Nuclear Futurism

Nuclear Futurism

The work of art in the age of remainderless destruction

In the time of ends, the most dangerous technology of nuclear weapons confronts us with a new philosophy of the future.


CATEGORIZED IN

Starting from the end of history, the end of art and the failure of the future set out by such ends, Nuclear Futurism reinvigorates art, literature and philosophy through the unlikely alliance of hauntology and the Italian futurists. Tracing the paradoxes of the possibilities of total nuclear destruction reveals the terminal condition of culture in the time of ends, where the logic of the apocalyptic without apocalypse holds sway. These paradoxes also open the path for a new vision of the future in the form of experimental art and literature. By re-examining the thought of both Derrida and Heidegger with regards to the history of art, the art of history and their responses to the most dangerous technology of nuclear weapons the future is exposed as a progressive event, rather than the atrophied and apocalyptic to-come of the present world. It is happening now, opening up through the force of art and literature and charting a new path for a futural philosophy.

REVIEWS & ENDORSEMENTS

Un libro come Nuclear Futurism di Liam Sprod (Zer0 books 2012), in cui Derrida viene confrontato con Marinetti, è il segno di una apertura del mondo di lingua inglese in altri tempi inconcepibile [A book like Nuclear Futurism by Liam Sprod (Zer0 books 2012), in which Derrida is compared with Marinetti, is the sign of an opening of the English-speaking world that was inconceivable in the past] ~ MAURIZIO FERRARIS, La Repubblica : http://ricerca.repubblica.it/repubblica/archivio/repubblica/2013/12/19/web-platonico-cosi-il-dibattito-filosofico-si.html?ref=search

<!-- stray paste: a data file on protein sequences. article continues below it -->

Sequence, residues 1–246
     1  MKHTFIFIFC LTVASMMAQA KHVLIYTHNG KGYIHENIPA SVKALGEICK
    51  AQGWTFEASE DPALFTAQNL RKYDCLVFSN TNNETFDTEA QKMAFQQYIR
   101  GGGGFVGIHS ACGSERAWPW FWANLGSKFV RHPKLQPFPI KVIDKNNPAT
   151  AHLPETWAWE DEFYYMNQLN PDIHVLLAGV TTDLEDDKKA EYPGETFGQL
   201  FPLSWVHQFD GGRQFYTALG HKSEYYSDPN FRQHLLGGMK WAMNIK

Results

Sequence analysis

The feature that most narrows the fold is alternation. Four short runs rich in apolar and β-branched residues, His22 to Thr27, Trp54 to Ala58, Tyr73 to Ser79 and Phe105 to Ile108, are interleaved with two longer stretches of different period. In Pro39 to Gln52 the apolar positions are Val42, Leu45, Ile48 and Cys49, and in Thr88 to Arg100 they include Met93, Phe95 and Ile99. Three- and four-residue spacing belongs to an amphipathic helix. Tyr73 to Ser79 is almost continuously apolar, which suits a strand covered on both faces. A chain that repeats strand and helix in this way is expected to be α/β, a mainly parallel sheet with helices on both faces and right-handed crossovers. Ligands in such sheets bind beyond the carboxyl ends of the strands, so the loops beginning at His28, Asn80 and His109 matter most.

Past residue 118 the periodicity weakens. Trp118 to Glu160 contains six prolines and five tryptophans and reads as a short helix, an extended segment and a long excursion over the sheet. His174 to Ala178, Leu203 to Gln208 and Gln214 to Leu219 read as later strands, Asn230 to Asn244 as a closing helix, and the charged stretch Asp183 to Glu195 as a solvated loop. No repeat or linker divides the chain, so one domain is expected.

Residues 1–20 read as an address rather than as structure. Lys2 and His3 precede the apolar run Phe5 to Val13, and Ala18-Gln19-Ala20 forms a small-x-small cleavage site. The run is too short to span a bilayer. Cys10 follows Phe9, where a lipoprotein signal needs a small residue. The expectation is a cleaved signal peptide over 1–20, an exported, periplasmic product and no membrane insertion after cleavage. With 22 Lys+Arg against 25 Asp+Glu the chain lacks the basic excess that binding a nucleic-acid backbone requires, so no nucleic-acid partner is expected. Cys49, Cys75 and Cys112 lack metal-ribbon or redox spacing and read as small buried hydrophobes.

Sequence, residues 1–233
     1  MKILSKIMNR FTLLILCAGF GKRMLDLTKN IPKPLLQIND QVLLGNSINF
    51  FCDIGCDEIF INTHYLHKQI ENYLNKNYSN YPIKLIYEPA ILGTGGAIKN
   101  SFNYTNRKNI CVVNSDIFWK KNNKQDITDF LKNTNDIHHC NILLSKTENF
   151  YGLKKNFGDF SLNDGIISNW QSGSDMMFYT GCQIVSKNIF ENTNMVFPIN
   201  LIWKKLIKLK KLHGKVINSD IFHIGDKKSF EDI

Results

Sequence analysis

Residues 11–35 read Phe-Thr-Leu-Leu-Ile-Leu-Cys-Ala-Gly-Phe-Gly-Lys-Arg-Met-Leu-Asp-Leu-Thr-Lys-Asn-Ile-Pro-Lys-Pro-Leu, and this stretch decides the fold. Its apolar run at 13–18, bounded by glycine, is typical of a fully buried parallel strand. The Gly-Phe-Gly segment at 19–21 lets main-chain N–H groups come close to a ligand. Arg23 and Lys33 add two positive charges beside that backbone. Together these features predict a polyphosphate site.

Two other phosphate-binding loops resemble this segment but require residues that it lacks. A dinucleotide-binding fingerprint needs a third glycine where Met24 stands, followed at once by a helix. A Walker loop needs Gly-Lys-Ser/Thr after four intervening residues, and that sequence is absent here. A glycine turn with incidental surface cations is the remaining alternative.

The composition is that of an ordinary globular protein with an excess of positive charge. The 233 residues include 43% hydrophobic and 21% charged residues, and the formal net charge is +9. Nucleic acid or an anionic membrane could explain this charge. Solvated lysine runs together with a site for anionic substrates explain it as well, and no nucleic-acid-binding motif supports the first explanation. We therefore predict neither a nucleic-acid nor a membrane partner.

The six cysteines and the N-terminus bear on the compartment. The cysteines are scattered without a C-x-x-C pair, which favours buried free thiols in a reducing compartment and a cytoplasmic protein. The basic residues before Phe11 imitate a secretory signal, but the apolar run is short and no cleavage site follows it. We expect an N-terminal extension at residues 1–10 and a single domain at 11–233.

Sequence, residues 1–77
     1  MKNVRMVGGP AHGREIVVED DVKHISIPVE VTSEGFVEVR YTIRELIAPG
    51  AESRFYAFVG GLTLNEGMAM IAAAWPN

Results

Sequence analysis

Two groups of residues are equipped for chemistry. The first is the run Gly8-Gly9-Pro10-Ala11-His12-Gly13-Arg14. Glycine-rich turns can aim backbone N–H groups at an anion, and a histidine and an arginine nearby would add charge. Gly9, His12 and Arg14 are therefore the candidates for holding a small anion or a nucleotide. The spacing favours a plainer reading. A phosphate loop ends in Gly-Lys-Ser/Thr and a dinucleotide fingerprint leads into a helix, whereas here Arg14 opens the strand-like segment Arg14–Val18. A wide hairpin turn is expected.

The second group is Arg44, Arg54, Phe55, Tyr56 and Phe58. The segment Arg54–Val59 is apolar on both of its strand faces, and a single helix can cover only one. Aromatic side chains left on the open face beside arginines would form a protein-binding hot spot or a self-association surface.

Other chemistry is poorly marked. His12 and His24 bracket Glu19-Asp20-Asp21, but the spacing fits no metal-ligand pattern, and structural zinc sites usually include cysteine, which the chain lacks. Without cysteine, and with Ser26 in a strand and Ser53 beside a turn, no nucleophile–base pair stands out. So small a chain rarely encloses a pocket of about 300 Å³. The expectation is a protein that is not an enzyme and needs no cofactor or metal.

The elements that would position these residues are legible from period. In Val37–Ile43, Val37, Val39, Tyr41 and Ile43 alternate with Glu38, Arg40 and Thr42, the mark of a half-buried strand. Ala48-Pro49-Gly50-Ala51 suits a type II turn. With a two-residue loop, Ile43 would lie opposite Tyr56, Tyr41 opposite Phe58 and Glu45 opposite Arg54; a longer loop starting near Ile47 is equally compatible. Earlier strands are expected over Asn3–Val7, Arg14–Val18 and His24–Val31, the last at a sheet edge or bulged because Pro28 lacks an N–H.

The central thesis of the book, that this hauntological futurity is applicable to a study of Italian Futurism, remains an interesting topic, and my only criticism would be that I would have preferred a longer study which pays greater attention to Futurist works of art themselves, as well as the famous manifestos. The care and attention paid to the construction and qualification of the arguments in Nuclear Futurism is both admirable but also the reason why you wouldn’t exactly pick this book up unless you had a specific interest in doing so. It is most definitely ‘difficult theory’, not because it is particularly difficult per se, or lacking in clarity, rather, the arguments are so dense and well qualified that any clumsy turns of thought are banished, and what remains is 120 pages of taut and challenging philosophical investigation. The book doesn’t let up until the endnotes, so anyone spying its slim spine and considering a quick theory fix should be warned off - this is hardcore. ~ Callam Green, Review31: http://review31.co.uk/article/view/118/apocalypse-tomorrow

ABOUT THE AUTHOR
Liam Sprod
Liam Sprod Liam Sprod was born in England before the possibility of nuclear war prompted his parents to relocate to Hobart, Australia. There he studie...
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